Growing on Me 

I don't know if anyone ever changes really, but we can evolve, right? I mean, that's what we're trying to do, isn't it? Just become better versions of ourselves.”—Deputy Siobhan Kelly  

Experience does not magically produce wisdom. It’s not that easy. Experience is simply data; it’s on the user to find meaning in it. And here’s the problem with that: As users, we are imperfect. So sometimes we see experiences through a distorted lens. We learn the wrong thing. 

Da’Vonne’s Big Brother 18 start was not an auspicious one. After her team lost the first round of the Hit the Road competition, Da’Vonne says to the camera indignantly, “I just wanna play by myself.” It sounds like an echo from last year. Round and round we go: She’s clashing with her number one pick Paul, and she is bucking against the team construct. It’s Da’Vonne against the world. 

It really worries me that, uh—that my fate this summer could be in the hands of other people.”—Corey 

The tragic irony here is that your Big Brother fate is always in the hands of other people. This isn’t golf. You need to work with people, people that you like and people that you don’t like. These bonds can be fictive, but you need to connect with others. Your advancement in the game is contingent on that. 

I will submit to you that Da’Vonne knows this. Her breakdown was a momentary regression, an ugly byproduct of the growth process. Two steps forward, one step back. What’s important is that she was able to identify her misstep and orient herself back on the straight and narrow.[1]

Just check out Day’s recovery: She made up with PaulOK, so her opinion of him did not change. She continued to think of him as an obnoxious goon, and she erupted into laughter whenever he left the room. Yet she kept up appearances, and it paid dividends for your girl. Paul and Jozea told her everything: four week plans, suspicious conversations they had with other houseguests, their allies, their targets. They gave it all away, and they gave it away unsolicited.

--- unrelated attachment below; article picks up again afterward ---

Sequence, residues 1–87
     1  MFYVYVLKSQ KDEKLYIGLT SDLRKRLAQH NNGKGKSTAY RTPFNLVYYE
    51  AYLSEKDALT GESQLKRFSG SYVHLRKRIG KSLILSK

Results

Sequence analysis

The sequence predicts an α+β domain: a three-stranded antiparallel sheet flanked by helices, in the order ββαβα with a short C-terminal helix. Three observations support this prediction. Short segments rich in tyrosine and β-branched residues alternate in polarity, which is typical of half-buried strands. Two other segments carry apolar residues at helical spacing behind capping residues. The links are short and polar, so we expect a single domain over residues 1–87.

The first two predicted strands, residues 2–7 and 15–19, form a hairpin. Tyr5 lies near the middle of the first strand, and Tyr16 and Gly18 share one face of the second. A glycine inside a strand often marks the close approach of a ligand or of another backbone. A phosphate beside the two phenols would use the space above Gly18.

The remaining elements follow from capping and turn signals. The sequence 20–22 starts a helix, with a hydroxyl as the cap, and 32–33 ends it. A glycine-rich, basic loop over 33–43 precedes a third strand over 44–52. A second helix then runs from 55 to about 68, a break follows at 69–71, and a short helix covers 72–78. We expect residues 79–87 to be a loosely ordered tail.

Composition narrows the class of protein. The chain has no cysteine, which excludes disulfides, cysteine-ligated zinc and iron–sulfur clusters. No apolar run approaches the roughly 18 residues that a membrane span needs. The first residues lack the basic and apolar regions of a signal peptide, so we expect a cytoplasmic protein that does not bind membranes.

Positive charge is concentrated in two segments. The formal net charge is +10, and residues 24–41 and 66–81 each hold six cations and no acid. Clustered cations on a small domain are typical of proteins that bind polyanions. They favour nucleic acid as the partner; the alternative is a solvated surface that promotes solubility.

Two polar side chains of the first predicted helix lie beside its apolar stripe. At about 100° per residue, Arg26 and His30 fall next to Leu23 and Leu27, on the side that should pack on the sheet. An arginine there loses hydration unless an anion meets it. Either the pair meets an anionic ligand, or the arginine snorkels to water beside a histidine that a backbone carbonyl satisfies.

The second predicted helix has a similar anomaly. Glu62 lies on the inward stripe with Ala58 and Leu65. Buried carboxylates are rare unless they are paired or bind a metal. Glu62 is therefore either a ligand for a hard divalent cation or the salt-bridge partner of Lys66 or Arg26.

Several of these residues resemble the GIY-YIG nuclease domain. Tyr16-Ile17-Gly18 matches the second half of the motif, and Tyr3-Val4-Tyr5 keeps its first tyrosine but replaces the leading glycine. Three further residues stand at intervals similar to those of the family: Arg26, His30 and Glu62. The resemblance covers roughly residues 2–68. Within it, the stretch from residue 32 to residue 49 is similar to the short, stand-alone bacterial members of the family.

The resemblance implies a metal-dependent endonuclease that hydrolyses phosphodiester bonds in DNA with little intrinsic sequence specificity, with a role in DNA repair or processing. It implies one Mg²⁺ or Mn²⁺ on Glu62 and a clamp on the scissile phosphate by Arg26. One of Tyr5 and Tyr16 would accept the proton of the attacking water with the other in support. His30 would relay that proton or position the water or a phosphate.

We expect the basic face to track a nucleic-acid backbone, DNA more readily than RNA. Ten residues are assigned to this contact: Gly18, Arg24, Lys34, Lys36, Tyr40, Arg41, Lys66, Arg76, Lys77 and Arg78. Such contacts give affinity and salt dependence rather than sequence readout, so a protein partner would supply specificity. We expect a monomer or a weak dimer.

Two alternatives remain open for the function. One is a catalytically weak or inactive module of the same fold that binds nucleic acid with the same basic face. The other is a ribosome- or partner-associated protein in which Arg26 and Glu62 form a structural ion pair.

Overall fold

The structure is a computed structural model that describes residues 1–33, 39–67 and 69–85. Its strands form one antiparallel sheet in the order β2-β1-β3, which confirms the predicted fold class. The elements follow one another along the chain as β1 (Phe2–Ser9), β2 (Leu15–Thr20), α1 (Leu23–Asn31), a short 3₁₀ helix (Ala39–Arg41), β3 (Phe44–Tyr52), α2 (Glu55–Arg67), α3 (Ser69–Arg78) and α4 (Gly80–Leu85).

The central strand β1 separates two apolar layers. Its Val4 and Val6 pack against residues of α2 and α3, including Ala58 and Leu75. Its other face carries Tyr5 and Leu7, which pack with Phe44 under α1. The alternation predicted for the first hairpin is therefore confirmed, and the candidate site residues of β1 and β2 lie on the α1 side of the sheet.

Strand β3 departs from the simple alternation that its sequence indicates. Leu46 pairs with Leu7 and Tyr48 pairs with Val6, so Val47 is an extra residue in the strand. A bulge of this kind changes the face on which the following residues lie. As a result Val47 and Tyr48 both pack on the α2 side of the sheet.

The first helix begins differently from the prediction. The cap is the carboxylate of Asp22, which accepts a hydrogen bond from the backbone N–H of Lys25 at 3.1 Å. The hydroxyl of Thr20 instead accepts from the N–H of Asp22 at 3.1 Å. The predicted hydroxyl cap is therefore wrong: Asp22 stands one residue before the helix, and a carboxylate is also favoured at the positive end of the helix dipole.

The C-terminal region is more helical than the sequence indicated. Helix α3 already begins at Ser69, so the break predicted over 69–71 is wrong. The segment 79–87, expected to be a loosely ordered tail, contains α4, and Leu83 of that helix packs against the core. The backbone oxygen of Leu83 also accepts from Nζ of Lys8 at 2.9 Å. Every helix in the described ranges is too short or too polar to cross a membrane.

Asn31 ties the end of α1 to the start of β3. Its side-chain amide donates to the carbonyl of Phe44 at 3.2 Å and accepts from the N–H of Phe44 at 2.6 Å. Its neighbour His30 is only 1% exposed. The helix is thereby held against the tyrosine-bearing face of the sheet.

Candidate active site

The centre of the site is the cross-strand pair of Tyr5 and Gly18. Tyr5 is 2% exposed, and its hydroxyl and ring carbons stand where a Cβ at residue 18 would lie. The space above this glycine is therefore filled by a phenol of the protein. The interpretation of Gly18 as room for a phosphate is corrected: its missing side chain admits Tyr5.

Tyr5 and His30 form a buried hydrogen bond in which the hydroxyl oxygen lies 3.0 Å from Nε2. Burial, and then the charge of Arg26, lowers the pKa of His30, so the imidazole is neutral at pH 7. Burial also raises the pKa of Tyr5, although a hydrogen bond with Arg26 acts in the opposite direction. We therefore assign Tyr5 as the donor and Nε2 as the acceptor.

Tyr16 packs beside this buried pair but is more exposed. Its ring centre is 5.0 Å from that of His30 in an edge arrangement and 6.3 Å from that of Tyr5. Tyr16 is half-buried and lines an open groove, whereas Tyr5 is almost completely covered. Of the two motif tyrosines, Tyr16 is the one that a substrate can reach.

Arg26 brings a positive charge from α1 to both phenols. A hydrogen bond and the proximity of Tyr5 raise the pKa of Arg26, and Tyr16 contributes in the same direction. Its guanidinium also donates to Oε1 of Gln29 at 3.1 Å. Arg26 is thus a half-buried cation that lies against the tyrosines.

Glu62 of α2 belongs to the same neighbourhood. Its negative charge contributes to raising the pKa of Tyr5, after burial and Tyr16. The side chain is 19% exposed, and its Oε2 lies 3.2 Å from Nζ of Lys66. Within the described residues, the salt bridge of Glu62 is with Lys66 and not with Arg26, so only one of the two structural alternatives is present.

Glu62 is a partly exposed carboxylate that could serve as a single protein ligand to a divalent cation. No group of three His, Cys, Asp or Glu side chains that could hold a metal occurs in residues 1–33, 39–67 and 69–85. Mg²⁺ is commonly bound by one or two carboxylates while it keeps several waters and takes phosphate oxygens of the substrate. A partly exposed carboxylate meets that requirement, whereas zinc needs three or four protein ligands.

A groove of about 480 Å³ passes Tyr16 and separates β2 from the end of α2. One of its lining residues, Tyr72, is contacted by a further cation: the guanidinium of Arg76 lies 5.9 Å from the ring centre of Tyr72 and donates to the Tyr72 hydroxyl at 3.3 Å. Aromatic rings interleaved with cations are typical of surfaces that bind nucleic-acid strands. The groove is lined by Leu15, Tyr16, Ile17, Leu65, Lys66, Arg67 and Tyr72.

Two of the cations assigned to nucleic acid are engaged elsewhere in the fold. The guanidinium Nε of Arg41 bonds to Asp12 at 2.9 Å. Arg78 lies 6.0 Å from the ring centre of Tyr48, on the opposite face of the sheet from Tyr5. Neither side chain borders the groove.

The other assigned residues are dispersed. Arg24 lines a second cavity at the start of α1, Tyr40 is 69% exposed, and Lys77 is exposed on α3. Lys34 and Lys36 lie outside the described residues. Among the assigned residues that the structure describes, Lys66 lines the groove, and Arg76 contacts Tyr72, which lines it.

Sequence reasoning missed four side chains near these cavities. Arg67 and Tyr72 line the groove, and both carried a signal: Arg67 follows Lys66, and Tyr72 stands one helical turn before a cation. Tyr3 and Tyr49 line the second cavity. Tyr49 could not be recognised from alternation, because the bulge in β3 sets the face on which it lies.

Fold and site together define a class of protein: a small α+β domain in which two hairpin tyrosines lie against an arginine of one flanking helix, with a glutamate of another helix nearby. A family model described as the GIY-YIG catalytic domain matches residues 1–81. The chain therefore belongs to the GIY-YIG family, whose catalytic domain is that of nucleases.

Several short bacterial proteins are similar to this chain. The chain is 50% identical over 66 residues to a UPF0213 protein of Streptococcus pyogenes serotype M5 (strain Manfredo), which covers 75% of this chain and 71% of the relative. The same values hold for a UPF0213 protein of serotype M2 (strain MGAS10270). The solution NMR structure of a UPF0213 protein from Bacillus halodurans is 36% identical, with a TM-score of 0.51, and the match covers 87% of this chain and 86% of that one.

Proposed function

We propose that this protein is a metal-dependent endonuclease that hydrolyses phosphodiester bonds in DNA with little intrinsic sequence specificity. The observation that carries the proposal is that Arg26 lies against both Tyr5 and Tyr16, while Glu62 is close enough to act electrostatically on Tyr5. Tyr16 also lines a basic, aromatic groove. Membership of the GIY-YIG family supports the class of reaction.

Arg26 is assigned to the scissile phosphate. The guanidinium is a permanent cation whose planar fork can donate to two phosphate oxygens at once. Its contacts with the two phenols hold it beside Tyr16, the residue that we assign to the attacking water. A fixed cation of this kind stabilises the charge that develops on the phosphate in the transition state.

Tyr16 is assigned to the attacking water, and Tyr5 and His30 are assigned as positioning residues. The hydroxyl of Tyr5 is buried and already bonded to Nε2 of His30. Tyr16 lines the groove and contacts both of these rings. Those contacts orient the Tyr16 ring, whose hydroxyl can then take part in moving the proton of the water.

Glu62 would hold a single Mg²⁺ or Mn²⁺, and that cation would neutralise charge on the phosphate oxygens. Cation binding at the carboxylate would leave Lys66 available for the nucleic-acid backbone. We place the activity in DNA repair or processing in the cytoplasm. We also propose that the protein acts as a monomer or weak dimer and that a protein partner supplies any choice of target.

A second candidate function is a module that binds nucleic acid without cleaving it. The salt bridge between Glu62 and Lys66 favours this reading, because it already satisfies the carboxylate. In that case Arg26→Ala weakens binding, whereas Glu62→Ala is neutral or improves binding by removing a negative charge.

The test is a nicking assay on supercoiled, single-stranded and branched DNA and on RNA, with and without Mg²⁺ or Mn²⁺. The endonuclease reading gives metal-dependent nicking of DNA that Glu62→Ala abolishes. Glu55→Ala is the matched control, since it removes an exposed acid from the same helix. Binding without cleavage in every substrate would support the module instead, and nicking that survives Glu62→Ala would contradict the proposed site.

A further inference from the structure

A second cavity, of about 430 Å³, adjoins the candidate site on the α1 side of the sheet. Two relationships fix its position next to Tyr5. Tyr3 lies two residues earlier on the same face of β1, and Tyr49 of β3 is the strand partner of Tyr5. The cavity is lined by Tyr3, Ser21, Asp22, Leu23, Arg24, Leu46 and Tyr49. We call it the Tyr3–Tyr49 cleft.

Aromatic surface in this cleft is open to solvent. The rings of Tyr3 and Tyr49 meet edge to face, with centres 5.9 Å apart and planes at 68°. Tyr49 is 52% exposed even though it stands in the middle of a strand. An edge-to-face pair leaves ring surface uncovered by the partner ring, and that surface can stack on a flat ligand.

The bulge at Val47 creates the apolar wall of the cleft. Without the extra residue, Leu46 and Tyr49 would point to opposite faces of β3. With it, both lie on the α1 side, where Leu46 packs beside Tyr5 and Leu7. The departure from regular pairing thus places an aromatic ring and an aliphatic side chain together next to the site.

Similarly, instead of blackmailing Tiffany, Da’Vonne buddied up to Miss Rousso. She made herself availible and let Tiffany confide in her at Tiffany’s own pace. “Last time I got evicted because I ran my mouth too much,” says Da’Vonne. “But it’s a new Mamma Day, OK? I’mma keep this information to myself; that way, I can use it to my advantage in this game.” 

I was incredulous at first, but I must admit: It’s a beautiful Day.  


Let It Be 

The important thing is not what; the important thing is why. Last week, I gave Big Brother props for throwing in the towel on Battle of the Block. However, after suffering through Thursday’s asinine HOH competition, I’m beginning to think that they, in fact, did not learn anything. Battle of the Block may be history, but by forcing the 14 remaining houseguests to compete in their respective teams, they have re-engineered the same problem.  

Teams incentivize mega alliances, and mega alliances are mega boring.[2] It means that select people from the majority alliance will throw the competition in order to prevent people from the minority alliance from winning. Sounds familiar, right? And as long as the competitions are as stupidly exploitable as Berry Balanced, it will never matter how good Victor, Natalie, and Bronte perform. With James on their team, they will always lose. 

The inevitability of this is crippling. What’s funny is that under normal circumstances, a Paulie HOH sounds pretty good to me; as much as I like rooting for the underdog, I can’t carry the flag for Paul, Victor, and Bronte. Their incompetence is too much to bear. But having them lose like this mars the whole enterprise. If losing does not exist as a viable possibility, where is the thrill in winning?

The Big Brother producers ultimately just need to get out of their own way. They need to stop shoehorning narratives into the season before the game has even commenced. Survivor can get away with this. They can have Millennials vs. Gen Xers, and, yeah, it will be on the nose at first. The contestants will talk incessantly about their superior generational mores: “Gen Xers are better at building improvisatory shelters in the middle of the jungle because Pearl Jam,” says some flannel-clad malcontent. That sort of thing. But the structure of Survivor is flexible enough to withstand that. By the time tribe swaps start to happen, the initial tribe jingoism has begun to fray. 

Big Brother has more structural limitations, and that doesn’t have to be a bad thing. They simply must acknowledge these limitations exist. We love you for who your are, Big Brother. Stop trying so hard to be something you’re not. I know you think you’re making the game more exciting by introducing these wacky twists, but you are actually doing the opposite. Trust the game you’ve built, and let the cast make it their own. 


[1] It will be interesting to see if she can stay composed when she is in true danger.

[2] Roadkill produces the same effect. It may be neutral with respect to Veterans vs. Newbies, but it’s just another weapon to be harnessed against the outnumbered.